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08.02.2005

IN HER FIRST NATIONAL INTERVIEW, THE WOMAN WHO AWOKE FROM A 20-YEAR COMA SPEAKS WITH "EARLY SHOW" NATIONAL CORRESPONDENT TRACY SMITH IN A TWO-PART EXCLUSIVE TO BE BROADCAST

August 2, 2005

IN HER FIRST NATIONAL INTERVIEW, THE WOMAN WHO AWOKE FROM A 20-YEAR COMA SPEAKS WITH "EARLY SHOW" NATIONAL CORRESPONDENT TRACY SMITH IN A TWO-PART EXCLUSIVE TO BE BROADCAST THURSDAY, AUG. 4 AND FRIDAY, AUG. 5

For 20 years, Sarah Scantlin was unaware of the world around her after she was hit by a drunk driver that sent her into a comatose state in September 1984. Then, in February 2005, she shocked her parents and doctors when she began to speak. In her first national television interview, after undergoing surgery on her long-unused limbs and speech therapy to unlock her long-dormant tongue, Scantlin speaks with EARLY SHOW National Correspondent Tracy Smith in a two-part interview to be broadcast Thursday, Aug. 4 and Friday, Aug. 5 on CBS News' THE EARLY SHOW (7:00-9:00 AM ET/PT). Smith also speaks with her parents, Jim and Betsy Scantlin, who never imagined they would talk to their daughter again.

The accident occurred when Scantlin was crossing the street in her hometown of Hutchinson, Kan. She suffered a massive brain injury and could not breathe on her own. Smith speaks with New York neurologist Randolph Marshall, who says that people like Scantlin seldom wake up. "You only hear about these cases very rarely and they're always a surprise when they actually come to light," he says.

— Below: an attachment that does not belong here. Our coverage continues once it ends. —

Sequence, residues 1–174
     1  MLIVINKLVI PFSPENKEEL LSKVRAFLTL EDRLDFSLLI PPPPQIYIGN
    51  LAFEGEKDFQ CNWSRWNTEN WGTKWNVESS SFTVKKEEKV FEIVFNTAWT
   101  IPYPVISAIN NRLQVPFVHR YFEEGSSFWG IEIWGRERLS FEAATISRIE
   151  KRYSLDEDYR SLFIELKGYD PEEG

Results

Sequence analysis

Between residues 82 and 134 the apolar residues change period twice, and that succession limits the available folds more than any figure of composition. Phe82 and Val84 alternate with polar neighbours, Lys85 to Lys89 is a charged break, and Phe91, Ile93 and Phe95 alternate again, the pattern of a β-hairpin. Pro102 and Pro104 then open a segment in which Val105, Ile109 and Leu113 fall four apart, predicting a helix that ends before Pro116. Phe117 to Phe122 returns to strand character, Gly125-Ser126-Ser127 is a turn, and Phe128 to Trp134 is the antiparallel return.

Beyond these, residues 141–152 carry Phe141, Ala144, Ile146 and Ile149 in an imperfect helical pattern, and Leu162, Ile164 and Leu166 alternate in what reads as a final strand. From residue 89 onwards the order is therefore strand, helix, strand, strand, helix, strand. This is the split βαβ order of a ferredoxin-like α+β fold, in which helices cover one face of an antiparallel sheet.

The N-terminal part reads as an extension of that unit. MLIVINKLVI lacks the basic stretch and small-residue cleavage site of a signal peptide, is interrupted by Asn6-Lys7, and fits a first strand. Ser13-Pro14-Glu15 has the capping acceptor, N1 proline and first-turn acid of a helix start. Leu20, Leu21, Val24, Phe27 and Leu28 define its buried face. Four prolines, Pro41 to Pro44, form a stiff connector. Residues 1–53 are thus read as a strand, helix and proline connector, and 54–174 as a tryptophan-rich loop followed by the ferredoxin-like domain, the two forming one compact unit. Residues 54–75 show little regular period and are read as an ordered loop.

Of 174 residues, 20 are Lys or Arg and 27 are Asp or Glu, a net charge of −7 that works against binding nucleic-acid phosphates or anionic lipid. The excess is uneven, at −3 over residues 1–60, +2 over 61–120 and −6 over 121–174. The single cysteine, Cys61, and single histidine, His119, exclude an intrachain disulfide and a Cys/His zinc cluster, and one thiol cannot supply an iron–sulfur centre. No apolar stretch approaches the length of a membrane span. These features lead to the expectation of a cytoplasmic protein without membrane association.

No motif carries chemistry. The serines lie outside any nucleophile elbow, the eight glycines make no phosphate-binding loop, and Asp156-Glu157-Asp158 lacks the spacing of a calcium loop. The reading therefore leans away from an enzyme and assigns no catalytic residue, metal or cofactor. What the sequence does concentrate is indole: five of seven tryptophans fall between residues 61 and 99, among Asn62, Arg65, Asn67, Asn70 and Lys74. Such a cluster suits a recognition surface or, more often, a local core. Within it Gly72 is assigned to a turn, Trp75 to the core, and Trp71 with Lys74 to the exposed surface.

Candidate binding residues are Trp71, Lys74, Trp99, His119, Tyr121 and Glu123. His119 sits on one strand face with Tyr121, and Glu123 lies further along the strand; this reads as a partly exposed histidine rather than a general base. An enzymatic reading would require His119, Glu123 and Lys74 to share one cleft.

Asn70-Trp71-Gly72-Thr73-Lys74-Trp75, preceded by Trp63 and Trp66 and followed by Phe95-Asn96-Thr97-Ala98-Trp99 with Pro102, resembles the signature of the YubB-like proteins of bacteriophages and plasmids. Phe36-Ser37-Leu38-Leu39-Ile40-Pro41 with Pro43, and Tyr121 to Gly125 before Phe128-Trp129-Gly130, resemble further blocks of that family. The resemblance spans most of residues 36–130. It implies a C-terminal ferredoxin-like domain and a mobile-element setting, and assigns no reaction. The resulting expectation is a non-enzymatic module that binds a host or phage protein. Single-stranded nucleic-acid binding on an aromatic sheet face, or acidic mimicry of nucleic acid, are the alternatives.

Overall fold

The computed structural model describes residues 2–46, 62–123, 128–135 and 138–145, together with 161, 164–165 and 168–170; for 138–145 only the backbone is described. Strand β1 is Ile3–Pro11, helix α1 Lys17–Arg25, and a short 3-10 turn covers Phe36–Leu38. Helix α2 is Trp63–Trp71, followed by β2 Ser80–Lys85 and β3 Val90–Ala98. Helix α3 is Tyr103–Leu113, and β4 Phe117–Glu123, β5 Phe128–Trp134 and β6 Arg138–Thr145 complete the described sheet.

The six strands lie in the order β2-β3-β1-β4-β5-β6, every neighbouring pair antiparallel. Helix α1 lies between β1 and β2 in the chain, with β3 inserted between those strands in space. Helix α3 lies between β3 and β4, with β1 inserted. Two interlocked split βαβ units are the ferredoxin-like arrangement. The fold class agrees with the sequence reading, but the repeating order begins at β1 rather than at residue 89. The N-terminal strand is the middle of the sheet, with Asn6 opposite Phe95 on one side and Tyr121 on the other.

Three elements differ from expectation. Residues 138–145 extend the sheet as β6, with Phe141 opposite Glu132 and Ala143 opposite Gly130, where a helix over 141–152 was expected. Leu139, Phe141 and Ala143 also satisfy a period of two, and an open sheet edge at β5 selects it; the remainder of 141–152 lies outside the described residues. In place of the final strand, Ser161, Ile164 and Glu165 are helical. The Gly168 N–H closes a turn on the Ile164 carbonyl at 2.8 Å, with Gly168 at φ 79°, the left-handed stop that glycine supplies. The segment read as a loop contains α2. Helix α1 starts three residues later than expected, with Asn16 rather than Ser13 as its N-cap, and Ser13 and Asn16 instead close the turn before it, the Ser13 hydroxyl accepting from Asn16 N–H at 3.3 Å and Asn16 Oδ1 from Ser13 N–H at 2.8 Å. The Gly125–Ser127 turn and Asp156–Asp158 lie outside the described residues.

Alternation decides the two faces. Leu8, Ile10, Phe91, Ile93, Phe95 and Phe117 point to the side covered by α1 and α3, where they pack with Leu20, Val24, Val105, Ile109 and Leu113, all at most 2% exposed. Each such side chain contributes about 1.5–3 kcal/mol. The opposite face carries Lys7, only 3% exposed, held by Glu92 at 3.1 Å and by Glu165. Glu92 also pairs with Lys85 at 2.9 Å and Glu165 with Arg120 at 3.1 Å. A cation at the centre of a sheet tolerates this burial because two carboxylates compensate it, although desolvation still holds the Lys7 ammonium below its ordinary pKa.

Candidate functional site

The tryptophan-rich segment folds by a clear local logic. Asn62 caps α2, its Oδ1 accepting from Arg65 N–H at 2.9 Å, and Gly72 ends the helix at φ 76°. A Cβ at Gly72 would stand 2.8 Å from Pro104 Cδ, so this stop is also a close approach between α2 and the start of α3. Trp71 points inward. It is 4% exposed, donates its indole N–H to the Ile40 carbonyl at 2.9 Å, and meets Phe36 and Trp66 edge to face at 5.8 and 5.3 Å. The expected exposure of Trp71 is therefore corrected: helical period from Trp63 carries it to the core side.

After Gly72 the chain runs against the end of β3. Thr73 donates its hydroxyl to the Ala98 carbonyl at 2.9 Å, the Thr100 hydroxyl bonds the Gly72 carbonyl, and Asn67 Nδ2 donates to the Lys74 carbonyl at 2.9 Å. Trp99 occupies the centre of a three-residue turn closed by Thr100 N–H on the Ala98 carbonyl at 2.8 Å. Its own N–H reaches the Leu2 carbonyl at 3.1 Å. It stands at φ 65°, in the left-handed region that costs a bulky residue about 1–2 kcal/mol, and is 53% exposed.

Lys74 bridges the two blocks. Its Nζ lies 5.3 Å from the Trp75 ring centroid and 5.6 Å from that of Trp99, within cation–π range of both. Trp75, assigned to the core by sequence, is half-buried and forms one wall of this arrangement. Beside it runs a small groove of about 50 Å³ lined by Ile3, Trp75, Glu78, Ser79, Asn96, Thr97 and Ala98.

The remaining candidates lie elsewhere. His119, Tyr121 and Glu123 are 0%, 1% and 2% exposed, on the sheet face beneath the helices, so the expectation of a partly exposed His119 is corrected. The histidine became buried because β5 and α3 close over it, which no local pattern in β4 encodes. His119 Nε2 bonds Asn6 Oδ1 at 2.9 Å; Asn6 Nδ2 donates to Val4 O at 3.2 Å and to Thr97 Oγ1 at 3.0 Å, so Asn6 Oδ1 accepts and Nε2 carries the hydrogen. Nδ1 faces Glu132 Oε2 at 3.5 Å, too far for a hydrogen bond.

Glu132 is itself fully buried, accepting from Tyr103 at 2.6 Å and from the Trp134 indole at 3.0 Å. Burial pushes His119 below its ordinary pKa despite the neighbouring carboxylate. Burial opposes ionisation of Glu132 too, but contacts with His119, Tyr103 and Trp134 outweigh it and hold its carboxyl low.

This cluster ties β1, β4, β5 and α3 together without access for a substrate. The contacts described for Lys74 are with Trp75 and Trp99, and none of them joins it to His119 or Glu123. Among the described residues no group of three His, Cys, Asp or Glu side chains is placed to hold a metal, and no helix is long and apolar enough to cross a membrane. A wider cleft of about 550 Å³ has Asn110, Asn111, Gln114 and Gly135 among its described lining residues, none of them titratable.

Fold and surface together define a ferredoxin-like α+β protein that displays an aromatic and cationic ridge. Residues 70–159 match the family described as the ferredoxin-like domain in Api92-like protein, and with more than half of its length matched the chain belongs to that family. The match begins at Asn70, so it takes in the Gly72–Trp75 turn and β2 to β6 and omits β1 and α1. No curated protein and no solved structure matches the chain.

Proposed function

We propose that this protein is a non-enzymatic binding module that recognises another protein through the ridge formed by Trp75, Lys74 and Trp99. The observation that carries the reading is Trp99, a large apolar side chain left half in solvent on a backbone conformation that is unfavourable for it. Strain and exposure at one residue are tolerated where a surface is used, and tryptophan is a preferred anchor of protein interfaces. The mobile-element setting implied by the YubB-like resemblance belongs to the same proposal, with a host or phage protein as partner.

While her recovery is being called a miracle, today Scantlin's speech is still limited. However, it is now clear that during at least part of her 20-year coma, Scantlin could see, hear and understand what was going on around her. Shortly after she awoke, her father asked what she knew about something that occurred years earlier: Sept. 11. "Sarah, what's 9-11?" She responds, "Bad...fire...airplanes...building...hurt people." Smith says there are other things deep in Scantlin's brain that survived the accident because, during the interview, she reminisced about her favorite 1980s musical groups and even sang "Summer Lovin'," the theme song from the film "Grease."

In a February interview on THE EARLY SHOW, Sarah's father recounted the phone call he and his wife got, informing them of the unimaginable. "It was amazing. I'm in the living room. Betsy was in the computer area, and the phone rings...and suddenly, I'm aware that there's a profound, distinct difference. Rather than speaking about Sarah, it became very clear she [Sara's nurse] was speaking to Sarah. It was the most amazing feeling in the world," he said.

Michael Bass is the senior executive producer of THE EARLY SHOW.

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Press Contact: Leigh Farris 212/975-2856 farrisl@cbsnews.com